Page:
Honestly, this has nothing to do with religion, either. It has everything to do with the fact that I walked into my (still incomplete) kitchen at about 7:30 this evening and poured all my liquor down the drain in the sink (except a bottle of Roger Clyne’s Mexican Moonshine that really deserves a good home and a bunch of large format Two Brothers and Dogfish Head beer that, again, could use a good home).
I’m not an alcoholic. I mean, when it gets right down to it there’s a big semantic argument to be had, here, but suffice it to say that I don’t think of myself as an alcoholic. I also think of myself as someone who should stop consuming alcohol.
I’ve been fascinated with the stories people tell about being alcoholics over the past few years. Some of it is because there are certain people I find fascinating who are also alcoholics (Craig Ferguson, for one) or because I know people who are alcoholics. Some of it is, if I’m honest, because I’ve wanted to confirm for myself that, no, I’m not an alcoholic.
Quite frankly, I think I’m on the safe side of the line. In all of the narratives I’ve come across there is a gradual progression that basically amounts to losing control. For a long time the person in question is on top of the alcohol, then they’re not. It’s also always a hindsight thing, too, and there’s always a moment where the person realizes, “Holy shit, what the fuck is happening?” or “Holy shit, what the fuck just happened?”
When I moved to Brookfield and found myself alone much of the time and trying to deal with the fallout of the Amy thing and the leaving Christianity thing I flirted with the edge of control. When I moved to Texas there were several points where I flirted with the edge of control. Right now I’m under a shitload of stress and, guess what? I’m flirting with the edge of control. This tells me that I self-medicate with alcohol, which is a huge, blinking danger sign. It also tells me that if I keep on this particular path, eventually I’ll hit a point where something is too much and I go over the edge. If I’m honest, which I might as fucking well be right now, I’m worried that this time will be that time.
I’m playing Russian Roulette and I’ve already flipped three chambers, basically.
It’s that self-medication during times of stress bit that’s both my savior and the potentially destructive element. When I’m not under a heavy stress load I’m completely aware of my limits and in control. I can go weeks without drinking, or only having a beer or two a week because it seems like a good idea at the time. So all I have to do is get through the stressful time and everything is okay.
That’s where the but comes in. What if the stress time lasts too long? What if that, “Holy shit, what just happened?” moment comes during the stress period and from there I cannot return? The thing I’m suddenly realizing is that my normal state actually betrays me in my over-stressed state. Because I’m in control and/or there’s nothing I need to worry too much about controlling in my normal state, I think I’m in control at all times, even when any outside observer would say that I’ve just stepped over a line.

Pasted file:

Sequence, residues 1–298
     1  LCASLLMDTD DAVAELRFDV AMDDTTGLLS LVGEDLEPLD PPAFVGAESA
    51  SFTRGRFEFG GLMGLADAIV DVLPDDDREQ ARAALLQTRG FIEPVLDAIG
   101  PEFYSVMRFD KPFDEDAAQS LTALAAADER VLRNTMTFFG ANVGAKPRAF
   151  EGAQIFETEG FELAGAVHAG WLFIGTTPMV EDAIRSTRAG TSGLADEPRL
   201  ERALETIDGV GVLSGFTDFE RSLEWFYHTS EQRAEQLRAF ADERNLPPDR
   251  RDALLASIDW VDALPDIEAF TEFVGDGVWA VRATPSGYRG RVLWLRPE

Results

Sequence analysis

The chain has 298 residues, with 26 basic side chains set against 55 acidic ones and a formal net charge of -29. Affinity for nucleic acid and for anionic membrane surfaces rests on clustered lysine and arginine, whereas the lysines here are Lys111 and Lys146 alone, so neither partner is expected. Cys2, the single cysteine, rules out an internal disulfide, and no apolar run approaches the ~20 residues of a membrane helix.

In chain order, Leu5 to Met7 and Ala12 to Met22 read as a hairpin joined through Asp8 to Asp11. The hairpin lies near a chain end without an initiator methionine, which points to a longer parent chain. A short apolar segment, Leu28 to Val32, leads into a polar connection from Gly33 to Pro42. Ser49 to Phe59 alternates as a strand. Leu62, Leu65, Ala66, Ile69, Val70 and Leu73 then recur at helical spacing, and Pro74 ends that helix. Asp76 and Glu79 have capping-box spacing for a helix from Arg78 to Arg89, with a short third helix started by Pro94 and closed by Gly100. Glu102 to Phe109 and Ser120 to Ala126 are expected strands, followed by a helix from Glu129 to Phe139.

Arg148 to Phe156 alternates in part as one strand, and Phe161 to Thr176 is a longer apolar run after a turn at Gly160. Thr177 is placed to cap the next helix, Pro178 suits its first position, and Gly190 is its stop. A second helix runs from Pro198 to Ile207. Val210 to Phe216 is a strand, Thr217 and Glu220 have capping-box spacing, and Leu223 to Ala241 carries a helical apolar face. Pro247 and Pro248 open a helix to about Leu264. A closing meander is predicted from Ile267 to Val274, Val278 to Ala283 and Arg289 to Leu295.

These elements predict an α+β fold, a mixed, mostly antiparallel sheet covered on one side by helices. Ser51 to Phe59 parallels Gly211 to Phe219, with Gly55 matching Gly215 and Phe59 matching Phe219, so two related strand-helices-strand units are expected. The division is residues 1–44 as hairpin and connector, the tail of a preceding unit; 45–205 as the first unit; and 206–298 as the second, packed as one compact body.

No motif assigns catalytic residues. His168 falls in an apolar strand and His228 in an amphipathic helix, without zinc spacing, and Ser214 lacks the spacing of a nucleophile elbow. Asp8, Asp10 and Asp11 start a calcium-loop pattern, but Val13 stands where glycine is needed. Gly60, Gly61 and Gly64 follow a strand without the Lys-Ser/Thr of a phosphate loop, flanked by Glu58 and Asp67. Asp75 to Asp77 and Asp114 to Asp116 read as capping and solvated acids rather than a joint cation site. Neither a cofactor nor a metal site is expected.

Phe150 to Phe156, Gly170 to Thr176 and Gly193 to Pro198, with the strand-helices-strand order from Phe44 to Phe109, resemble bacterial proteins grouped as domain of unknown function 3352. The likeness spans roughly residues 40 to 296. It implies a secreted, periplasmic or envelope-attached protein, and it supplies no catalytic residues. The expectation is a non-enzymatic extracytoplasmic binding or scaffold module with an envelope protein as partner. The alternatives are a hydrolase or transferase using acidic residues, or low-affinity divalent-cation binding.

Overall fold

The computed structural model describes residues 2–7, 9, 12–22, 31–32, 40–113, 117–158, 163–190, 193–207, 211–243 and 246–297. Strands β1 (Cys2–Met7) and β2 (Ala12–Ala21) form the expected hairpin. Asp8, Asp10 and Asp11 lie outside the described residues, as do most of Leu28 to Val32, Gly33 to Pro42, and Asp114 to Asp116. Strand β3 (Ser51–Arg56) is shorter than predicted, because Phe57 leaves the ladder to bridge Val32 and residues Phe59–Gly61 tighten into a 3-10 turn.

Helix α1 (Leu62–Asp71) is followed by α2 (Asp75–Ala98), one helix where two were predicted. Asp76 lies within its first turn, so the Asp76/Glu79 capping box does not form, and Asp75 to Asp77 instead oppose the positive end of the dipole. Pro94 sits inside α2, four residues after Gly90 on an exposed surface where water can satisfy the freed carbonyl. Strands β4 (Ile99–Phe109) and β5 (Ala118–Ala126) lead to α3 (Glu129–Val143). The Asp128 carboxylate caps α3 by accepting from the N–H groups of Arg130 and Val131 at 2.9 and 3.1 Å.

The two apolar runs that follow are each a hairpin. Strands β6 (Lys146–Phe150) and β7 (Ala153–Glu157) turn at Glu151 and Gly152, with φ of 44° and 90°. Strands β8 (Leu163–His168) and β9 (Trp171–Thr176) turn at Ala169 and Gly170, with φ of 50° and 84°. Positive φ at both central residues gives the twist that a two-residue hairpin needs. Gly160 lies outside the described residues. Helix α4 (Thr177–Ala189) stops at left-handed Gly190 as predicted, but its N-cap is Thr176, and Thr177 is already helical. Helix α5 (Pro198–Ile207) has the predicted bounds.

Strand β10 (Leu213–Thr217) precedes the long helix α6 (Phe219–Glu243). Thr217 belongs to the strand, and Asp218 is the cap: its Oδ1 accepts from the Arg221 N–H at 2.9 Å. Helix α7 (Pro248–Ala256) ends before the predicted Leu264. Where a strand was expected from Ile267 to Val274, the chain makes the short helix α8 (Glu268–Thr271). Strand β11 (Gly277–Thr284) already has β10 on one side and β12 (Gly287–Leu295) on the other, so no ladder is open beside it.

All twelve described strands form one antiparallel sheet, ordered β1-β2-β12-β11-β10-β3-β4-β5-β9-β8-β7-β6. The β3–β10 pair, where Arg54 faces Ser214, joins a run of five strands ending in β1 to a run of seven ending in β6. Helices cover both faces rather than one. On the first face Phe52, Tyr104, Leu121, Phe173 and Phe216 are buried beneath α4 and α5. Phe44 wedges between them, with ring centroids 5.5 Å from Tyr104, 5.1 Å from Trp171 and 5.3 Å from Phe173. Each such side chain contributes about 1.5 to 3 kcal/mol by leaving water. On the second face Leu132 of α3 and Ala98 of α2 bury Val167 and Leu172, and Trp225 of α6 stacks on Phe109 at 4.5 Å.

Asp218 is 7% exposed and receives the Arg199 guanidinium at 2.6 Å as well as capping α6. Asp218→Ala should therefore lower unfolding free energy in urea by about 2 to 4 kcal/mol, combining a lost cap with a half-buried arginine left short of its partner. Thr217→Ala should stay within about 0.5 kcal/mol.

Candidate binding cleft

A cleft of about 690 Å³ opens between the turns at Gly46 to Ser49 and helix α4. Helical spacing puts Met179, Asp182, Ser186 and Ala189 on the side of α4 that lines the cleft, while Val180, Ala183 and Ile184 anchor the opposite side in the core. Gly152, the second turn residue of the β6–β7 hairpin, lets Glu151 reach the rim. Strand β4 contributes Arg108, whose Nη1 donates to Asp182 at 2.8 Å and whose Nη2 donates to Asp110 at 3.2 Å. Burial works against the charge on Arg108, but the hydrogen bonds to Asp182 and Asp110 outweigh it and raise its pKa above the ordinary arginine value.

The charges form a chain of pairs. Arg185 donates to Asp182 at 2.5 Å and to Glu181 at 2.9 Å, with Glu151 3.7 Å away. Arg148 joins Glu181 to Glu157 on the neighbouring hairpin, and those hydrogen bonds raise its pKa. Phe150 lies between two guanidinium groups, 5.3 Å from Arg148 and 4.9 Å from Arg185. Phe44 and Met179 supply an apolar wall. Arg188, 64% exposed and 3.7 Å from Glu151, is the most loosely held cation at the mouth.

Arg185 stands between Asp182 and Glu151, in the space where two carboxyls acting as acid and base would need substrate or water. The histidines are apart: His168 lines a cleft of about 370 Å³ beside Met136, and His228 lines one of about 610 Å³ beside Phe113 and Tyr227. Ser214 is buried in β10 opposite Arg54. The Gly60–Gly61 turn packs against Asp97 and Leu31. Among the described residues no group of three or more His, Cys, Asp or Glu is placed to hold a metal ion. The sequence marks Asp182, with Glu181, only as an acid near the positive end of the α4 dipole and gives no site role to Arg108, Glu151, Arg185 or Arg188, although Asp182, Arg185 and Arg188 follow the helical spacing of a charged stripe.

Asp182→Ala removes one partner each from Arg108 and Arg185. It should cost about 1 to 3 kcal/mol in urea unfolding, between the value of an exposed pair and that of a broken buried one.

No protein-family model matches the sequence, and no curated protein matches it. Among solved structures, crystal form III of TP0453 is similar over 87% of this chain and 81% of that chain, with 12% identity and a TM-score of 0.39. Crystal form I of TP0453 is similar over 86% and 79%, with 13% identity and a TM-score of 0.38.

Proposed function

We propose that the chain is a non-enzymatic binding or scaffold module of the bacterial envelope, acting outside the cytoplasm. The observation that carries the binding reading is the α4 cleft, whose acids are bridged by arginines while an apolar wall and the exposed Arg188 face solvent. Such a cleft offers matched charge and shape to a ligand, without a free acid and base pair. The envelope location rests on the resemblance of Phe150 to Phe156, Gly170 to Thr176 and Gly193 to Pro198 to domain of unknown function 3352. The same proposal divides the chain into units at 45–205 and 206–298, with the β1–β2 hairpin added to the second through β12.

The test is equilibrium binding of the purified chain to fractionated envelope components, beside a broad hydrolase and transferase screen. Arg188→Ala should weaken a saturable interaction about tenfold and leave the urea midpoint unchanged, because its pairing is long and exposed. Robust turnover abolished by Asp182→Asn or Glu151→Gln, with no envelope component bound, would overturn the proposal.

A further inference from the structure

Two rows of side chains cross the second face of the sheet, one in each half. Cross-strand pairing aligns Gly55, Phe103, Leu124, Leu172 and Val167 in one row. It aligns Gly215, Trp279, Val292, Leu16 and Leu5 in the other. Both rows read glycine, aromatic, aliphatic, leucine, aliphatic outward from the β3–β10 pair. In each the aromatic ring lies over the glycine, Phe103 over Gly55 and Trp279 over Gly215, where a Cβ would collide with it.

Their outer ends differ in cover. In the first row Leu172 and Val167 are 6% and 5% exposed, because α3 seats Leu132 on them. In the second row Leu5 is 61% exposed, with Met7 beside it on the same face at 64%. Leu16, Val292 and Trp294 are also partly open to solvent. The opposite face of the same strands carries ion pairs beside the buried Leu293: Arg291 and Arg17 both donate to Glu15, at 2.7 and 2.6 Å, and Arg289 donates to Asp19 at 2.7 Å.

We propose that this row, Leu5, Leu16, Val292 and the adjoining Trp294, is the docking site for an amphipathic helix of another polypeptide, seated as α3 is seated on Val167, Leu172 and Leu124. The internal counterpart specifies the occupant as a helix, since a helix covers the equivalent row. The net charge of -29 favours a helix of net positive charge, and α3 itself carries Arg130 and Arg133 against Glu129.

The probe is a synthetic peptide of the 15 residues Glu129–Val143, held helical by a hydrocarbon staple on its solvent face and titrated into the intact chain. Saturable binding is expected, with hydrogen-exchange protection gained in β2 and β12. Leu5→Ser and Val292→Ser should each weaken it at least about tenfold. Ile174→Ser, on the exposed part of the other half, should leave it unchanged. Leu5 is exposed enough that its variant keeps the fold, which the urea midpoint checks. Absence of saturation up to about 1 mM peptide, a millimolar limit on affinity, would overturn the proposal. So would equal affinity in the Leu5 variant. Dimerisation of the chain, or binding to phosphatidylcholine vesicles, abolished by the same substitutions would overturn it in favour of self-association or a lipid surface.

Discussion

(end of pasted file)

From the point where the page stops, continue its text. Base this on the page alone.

So here we get into the weirdness of self-definition. I’ve defined myself as the beer snob and scotch drinker guy. I go to concerts all the time, which generally revolve around, y’know, standing around in crowded rooms and drinking beer. I’ve got friends with whom I hang while drinking and shit. I’ve made “guy who drinks alcohol” a part of who I am, a part of how I think of myself, and a part of how other people think of me.
How do I deal with my (very real, I’m loathe to admit) social anxiety now? I mean, I still want to go to concerts (and, on some level, I’m intrigued by the possibility that they’ll suddenly get cheaper). I don’t want to go back to hanging out with teetotaling churchies. I have no intention of starting up with Alcoholics Anonymous.
See, for me from a personal standpoint this is really not much different than losing weight. I’ve been quite successful at doing that in the past, and all I’ve really had to do was stop thinking of dessert as a good idea. I, for all intents and purposes, trained myself to ignore cake. I can (and have, which is how I know I still have control) do the exact same thing with alcohol. When you’re not eating cake, though, you just have to say, “I’m trying to lose weight,” and everyone will be, “Oh, good job, we’ve been meaning to tell you you’re fat.”
For some reason, I feel like doing the same thing with alcohol is a different thing entirely. Losing weight is considered empowering, almost. Not drinking feels like it’s admitting to some sort of weakness.
Actually, now that I think about it, I kinda-sorta blame Alcoholics Anonymous for that. What’s the first thing you have to do for them? Admit you’re powerless in the face of alcohol.
Well, fuck that. I’ma stop drinking precisely because I still have control and alcohol is powerless in the face of me, what with the fact that it’s a non-sentient liquid. And if people don’t like that, I’ll tell them to go eat cake.
Thanks, internet, I’m glad we had this talk.
Also, I’ll probably have to update how this whole thing is going, as this has kicked off a whole round of “Geds thinks about religion and lack of empowerment.” The alcohol/powerlessness thing is basically motivated by shame. It also occurs to me that I feel ashamed to admit to certain people that I don't want to drink alcohol anymore in the same exact way I feel ashamed to admit that I'm just not as in to RCPM as I used to be in the same exact way I felt ashamed about saying I didn't want to do religion anymore.
Think those things are interconnected? Hopefully I'll have time to tease the thoughts out...in, like, two weeks.
I also want to write a post about Mavis Staples, because, holy shit, Mavis effing Staples.
On a somewhat related note, I also have many, many thoughts about Abraham Lincoln, Vampire Hunter and, more than that, the annoyingly predictable conversation discussing said book always kicks off.
Oh, and I'm pretty sure I left a really fun sci-fi story on hold back in April.
Also, hopefully I’ll be able to provide a detailed breakdown on my thoughts about oil-based v. latex-based paints. And my thoughts about Sherwin-Williams primer v. Kilz Premium v. Zinsser 1-2-3. And my thoughts about Behr Premium v. Pittsburgh Paints Ultra v. Valspar. And, hell, if you’re lucky I’ll show some pictures of power tools, as I have several and am borrowing many more.
Have I mentioned that homeownership pretty much sucks ass so far?